woman dies, 10 are fired, homicide investigation ensues, all because of radio station contest

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posted on Jan, 19 2007 @ 09:41 AM
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Originally posted by dgtempe
All the parties involved should be drowned.

That would be an eye for an eye and just.


Would this include her children who may have pressured and insisted and even coerced her into doing this for them so they could have the Wii?

[edit on 19-1-2007 by 2l82sk8]




posted on Jan, 19 2007 @ 10:13 AM
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Originally posted by SmallMindsBigIdeas
The reason so many people we're fired and the main reason charges are being filed is that there is tape recording of the DJ's joking about the dangers and talking about the kid in Chico who had died from water intoxification. The played the tape on the news here last night and one of the hosts is asking the other one "isn't this dangerous, didn't like some kid die from this last year?" to which he replied "yeah but we'll stop them once they throw up and besides they signed a relase so it's not our problem" (quotes paraphrased).


This again shows the Dj's bad taste, ill-timed dark humor, and a cavalier attitude toward the possible risks, but it also implies the DJ's probably did not think there was any real risk of death in their specific contest that morning.


Originally posted by SmallMindsBigIdeas The sheriff's office also got information that the radio station received several calls from people warning the DJ's about the dangers of this contest and that someone wouldn't neccessarily throw up prior to having irreversible complications.

They laughed these off and went on with the scheduled contest.


Most likely these Dj's humor, and the fact they seem to ignore, or mock the warning phone calls were because they were sure the station, those involved in conceiving of the contest, rules etc had everything under control-even any medical risks-thus there were none for them to worry about.

Their jokes about "they signed a waiver" is a show of that really, not that they wouldn't care if anyone died-but to joke and mention a waiver is to have faith the station wouldn't do anything that would actually potentially have leathel risks or would bring the station under condemnation or financial ruin. You know, that all the bases were covered-even medical risks.

Their attitudes and jokes are bad taste and timing retrospectively now that someone actually died, however their humor shows a faith that there really wasn't a risk I would think.


Originally posted by SmallMindsBigIdeas So here you have a group of people who have some questions as to the safety of their event but fail to properly investigate how to safely conduct this type of event. These same people disregard several calls that warn them explicitly of the dangers involved. They conduct their event and someone dies.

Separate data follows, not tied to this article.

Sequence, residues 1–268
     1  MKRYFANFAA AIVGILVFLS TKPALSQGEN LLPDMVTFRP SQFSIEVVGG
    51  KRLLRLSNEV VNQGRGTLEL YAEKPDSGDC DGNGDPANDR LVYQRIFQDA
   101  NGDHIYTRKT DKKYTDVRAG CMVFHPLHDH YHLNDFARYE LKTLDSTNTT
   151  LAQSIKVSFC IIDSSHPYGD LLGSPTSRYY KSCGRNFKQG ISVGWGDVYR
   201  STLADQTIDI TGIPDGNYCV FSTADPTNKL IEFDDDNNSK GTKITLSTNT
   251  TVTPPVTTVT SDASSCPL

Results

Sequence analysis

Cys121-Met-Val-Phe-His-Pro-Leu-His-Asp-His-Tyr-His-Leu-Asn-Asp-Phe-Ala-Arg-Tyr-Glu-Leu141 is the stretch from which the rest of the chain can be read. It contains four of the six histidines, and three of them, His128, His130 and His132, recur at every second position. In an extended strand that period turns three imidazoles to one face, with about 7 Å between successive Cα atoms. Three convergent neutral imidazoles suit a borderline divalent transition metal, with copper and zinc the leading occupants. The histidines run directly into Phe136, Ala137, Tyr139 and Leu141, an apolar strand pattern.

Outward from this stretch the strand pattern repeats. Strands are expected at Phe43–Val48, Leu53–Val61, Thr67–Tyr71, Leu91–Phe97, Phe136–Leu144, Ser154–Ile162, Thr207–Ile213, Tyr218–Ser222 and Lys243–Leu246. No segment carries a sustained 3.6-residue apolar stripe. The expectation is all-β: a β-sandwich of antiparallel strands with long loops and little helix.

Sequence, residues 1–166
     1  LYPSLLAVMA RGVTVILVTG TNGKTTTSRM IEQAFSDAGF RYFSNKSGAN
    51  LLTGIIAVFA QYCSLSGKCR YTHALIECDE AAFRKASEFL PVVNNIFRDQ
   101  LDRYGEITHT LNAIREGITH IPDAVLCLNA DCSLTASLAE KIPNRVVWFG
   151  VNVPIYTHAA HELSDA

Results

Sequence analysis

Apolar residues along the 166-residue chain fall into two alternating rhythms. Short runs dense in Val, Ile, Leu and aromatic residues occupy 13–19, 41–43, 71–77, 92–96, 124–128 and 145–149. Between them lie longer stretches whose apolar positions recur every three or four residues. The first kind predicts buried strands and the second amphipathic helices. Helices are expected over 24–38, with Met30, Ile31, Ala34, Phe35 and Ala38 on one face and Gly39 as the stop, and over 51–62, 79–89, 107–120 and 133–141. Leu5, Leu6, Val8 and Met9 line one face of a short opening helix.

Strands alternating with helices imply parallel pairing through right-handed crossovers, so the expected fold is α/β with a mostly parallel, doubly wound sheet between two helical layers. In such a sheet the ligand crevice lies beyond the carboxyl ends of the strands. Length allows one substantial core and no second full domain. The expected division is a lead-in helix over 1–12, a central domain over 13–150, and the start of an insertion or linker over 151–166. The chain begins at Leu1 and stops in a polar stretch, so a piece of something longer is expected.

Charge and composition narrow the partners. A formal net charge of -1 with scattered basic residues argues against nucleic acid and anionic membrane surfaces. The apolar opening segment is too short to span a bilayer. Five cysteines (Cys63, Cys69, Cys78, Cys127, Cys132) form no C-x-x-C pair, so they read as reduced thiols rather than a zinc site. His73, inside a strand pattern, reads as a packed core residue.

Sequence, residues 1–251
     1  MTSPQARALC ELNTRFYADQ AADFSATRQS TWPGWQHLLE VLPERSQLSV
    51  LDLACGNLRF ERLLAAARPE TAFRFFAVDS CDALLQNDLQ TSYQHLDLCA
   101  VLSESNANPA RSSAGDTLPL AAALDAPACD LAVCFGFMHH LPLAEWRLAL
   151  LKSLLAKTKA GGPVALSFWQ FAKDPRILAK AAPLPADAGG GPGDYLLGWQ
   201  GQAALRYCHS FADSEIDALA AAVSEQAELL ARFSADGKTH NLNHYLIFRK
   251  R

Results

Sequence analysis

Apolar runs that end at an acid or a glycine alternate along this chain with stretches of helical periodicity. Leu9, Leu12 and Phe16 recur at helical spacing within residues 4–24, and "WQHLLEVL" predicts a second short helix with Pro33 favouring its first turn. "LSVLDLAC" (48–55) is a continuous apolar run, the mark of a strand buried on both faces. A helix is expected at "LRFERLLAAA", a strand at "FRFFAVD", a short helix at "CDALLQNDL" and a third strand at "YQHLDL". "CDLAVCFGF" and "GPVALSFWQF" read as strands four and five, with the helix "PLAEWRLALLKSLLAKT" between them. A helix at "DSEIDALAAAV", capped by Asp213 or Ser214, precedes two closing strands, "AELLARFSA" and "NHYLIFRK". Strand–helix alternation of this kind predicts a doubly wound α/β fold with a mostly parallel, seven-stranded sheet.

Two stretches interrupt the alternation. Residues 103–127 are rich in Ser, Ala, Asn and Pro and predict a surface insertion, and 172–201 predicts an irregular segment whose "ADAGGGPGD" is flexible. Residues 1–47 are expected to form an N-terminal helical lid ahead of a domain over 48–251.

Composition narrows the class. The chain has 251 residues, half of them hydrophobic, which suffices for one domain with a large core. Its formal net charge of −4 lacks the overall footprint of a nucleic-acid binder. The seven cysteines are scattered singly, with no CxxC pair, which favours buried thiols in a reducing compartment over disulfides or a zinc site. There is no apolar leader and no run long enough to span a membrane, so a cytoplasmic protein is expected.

I don't think the DJ's had any questions, that hadn't been appeased by other's ivnolved in the contest, nor is it their job or responsibility to research the safety. Their disregard of phone in warnings isn't as malicious as some would think-I really think they simply didn't think anyone was really at risk-for whatever reason. Ignorance, misinformation etc.

Some could argue the people who called in to the DJ's should have called into other areas of the station and finally to the police department. Actually, since the callers just went on-air warning the DJ's maybe those callers are partially responsible themselves. Clearly they did know with a certainty the imminent risks more than the DJ's, but did they call the police? The way one would if they saw a person endangering or threaning a life of another in other circumstances?


Originally posted by SmallMindsBigIdeas We will never know for sure what the deceased knew about water intoxification ...


Oh I hope thats not true. I'd like to know if the contestants were warned of any potential risks, including but not limited to death. I'd like to know who conceived of the contest, who approved it, and who was responsible for researching the safety of it, etc.

[edit on 19-1-2007 by 2l82sk8]



posted on Jan, 19 2007 @ 10:26 AM
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Originally posted by clearwater
I saw on one of those entertainment tabloid shows that the station had been warned. The DJ responded to info on toxic water death with - 'It's OK, they've signed liability forms.'

Cavalier, and I assume he just felt confident that nothing was going to happen.


That has been my point of view as well.


Originally posted by clearwater
It reminds me a bit of the week long dance-a-thons of the Depression era, when people also risked toxic exhaustion or shock for a few bucks.

The coliseum.

Tragic all around.


Ah yes, entertainment for the masses- at all costs. Love the coliseum comparison.

Makes me also ponder a more conspiratorial view of this incident...

Maybe they fed the contestants to the lions.